Lutein and Zeaxanthin rich tasty Salad That Helps the Macular Pigments

Here is a recipe with many of the essential suplements required for good eye health.

The oxygen-containing xanthophylls lutein (L), and zeaxanthin (Z), are two of more than 600 known naturally occurring carotenoids. Synthesized by plants, these yellow, orange and red carotenoid pigments act to absorb light energy for photosynthesis and to protect the plant from high energy UV light. These xanthophyll pigments serve a similar role in protecting the eye from photo-oxidative stress. The yellow from carotenoid accumulation gives the posterior polar region of the retina its name: Macula Lutea or "yellow spot."

L and Z are fat soluble, essential nutrients in the vitamin A family. An "essential" nutrient is one that must be acquired in the diet since the human body is not able to synthesize it. The isomers L and Z are frequently quantified together and are annotated as "L+Z," making it difficult to assess which carotenoid is actually present in a particular food. L is found abundantly in leafy green vegetables such as spinach and kale. Sources of Z include corn, paprika, egg yolk and goji berries. The L and Z found in egg yolk is highly bioavailable and preferentially accumulates in the macula. Goji berries are the richest source of plant derived Z. Fat–soluble nutrients are more efficiently absorbed when consumed with a fat. Also, steaming, sautéing or pureeing vegetables will help breakdown plant cell walls, increasing the body's access to these nutrients. Spinach sautéed with olive oil would be a delicious example!

L and Z are found in both the crystalline lens and the macula where they function as a blue light filter and offer protection from light induced oxidative cell damage. The amount of L and Z in the macula can be quantified as the macular pigment optical density (MPOD). Epidemiological evidence has demonstrated a reduction in the risk of progression of Age–related Macular Degeneration (AMD) with higher dietary and plasma levels of L and Z. Studies also show a positive influence on vision including: improved visual acuity and visual processing speed, enhanced contrast sensitivity and speed of glare recovery. These two eye nutrients are great for everyone's eyes, young and old, in order to improve visual performance and ocular health through better nutrition.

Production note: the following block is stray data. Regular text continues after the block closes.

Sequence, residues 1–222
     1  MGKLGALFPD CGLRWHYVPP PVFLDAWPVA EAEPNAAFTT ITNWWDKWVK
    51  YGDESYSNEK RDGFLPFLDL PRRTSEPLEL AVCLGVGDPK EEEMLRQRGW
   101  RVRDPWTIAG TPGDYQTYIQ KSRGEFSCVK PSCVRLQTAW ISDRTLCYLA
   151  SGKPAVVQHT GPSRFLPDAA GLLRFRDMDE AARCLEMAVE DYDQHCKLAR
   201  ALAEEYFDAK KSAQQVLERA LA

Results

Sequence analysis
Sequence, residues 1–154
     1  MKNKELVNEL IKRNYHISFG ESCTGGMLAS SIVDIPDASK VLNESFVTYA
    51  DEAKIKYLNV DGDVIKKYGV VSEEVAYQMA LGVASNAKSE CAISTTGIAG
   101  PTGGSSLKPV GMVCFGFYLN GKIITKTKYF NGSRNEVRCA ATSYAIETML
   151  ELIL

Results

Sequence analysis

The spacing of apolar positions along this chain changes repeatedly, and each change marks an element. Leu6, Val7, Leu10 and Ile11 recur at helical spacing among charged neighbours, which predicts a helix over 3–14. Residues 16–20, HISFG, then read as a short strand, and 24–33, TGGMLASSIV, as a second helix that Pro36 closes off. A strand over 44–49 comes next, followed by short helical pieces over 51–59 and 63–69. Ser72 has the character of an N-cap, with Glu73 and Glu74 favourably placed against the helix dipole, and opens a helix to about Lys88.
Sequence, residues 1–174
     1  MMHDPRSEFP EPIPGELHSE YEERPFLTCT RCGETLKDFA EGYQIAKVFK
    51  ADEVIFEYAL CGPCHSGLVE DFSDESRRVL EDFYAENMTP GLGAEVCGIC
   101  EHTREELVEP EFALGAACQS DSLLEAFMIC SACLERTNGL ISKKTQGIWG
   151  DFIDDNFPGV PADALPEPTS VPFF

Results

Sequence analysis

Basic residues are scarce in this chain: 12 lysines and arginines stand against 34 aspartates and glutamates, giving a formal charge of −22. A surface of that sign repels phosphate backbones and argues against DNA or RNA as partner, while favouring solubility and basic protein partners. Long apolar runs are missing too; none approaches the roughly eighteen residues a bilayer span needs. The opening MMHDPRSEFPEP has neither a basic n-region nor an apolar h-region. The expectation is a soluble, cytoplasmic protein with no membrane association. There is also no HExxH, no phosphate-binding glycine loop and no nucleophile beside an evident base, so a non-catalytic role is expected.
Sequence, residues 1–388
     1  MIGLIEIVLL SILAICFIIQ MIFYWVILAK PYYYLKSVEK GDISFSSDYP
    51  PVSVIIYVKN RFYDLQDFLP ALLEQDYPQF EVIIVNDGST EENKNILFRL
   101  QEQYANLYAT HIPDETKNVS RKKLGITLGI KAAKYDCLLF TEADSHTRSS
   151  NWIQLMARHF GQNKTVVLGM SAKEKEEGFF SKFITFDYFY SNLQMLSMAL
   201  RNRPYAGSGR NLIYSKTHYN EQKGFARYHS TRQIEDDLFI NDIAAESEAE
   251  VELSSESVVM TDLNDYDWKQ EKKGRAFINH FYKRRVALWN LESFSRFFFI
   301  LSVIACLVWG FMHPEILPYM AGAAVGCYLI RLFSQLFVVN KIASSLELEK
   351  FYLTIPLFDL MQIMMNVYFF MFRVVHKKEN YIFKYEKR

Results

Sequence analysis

Roasted Nicoise Salad

Serves 4–6

For the Roasted Vegetables:

Preheat: 375 degrees F

  • 1 lb asparagus, trimmed
  • 1 lb green beans, stemmed
  • 3 T water
  • 2–3 yellow squash, cut into quarters, lengthwise
  • 2–3 zucchini, cut into quarters, lengthwise
  • 2 orange bell peppers cut into strips
  • 1 red bell pepper cut into strips
  • 2 T olive oil
  • Sea salt and pepper, to taste
  1. Place the asparagus and beans on a large baking sheet with the water.
  2. To a second baking sheet, add peppers; the squash and zucchini, cut side down.
  3. Drizzle with oil and season with salt and pepper.
  4. Roast for 15–25 minutes until crisp tender, stirring once. Set aside.


For the Dressing:

Makes: 2 cups

  • 2/3 cup extra virgin olive oil
  • 1 hardboiled omega–3 egg
  • 2 large cloves of garlic, peeled
  • 1 T Dijon style mustard
  • 1/3 cup + 1 T lemon juice, freshly squeezed
  • 2 T water
  • 1 cup scallions, roughly chopped, loosely packed
  • 1 cup flat leaf parsley, loosely packed
  • 1/2 tsp sea salt
  • 1/2 tsp black pepper
  • 1 tsp sweet paprika



  1. Place all ingredients in a high speed blender.
  2. Blend until smooth and creamy.
  3. If needed, add an additional 1–2 tablespoons of water for desired pouring consistency.

[Note: Store extra in the refrigerator for up to 10 days.]

For the Salad Assembly:

  • 2–6oz tins wild Alaskan salmon
  • 1–2oz tin anchovy fillets, packed in oil, drained
  • 3 hardboiled omega–3 eggs, sliced or cut into quarters
  • 1 lb small red potatoes, boiled, fork tender. Cut into quarters
  • 8 oz grape tomatoes, cut in half
  • 1/2 cup olives, pitted
  • 1 T capers, optional
  1. Combine 1/4 cup dressing with the salmon.
  2. On a large serving platter, arrange roasted vegetables, potatoes, tomatoes, olives and salmon in groupings.
  3. Decorate with eggs, anchovies and capers.
  4. Drizzle lightly with 1/4 cup dressing. Serve extra dressing on the side.


Nutrition Facts:

Dressing (2 T/serving): Protein: 1 gm; Carbohydrate: 2 gm; Fat: 9.6 gm; Calories: 132

Roasted Nicoise Salad (6 servings): Protein: 22 gm; Carbohydrate: 30 gm; Calories: 180

Ocular Nutrition Highlights:

Olive oil: vitamin E

Omega–3 egg: Omega–3 fatty acids, lutein, zeaxanthin

Garlic: vitamin C, allicin

Lemon: vitamin C

Scallions: lutein, allicin

Parsley: lutein, vitamin C

Paprika: zeaxanthin

Zucchini: vitamin C, lutein

Yellow Squash: vitamin C, lutein, zeaxanthin

Asparagus: vitamin A, lutein

Green Beans: vitamin A, vitamin C, lutein

Orange Bell Pepper: zeaxanthin, vitamin C, vitamin A

Red Bell Pepper: lutein, zeaxanthin, vitamin C, vitamin A

Salmon: omega–3 fatty acids (DHA/EPA)

Anchovy: omega–3 fatty acids (DHA/EPA)

Tomato: vitamin C, lycopene

Olives: lutein, vitamin E

For more great recipes like this, get the cookbook by visiting :


Eli Ben Moshe, O.D.
Jared Hagan,O.D.
Chris Johnson,O.D.





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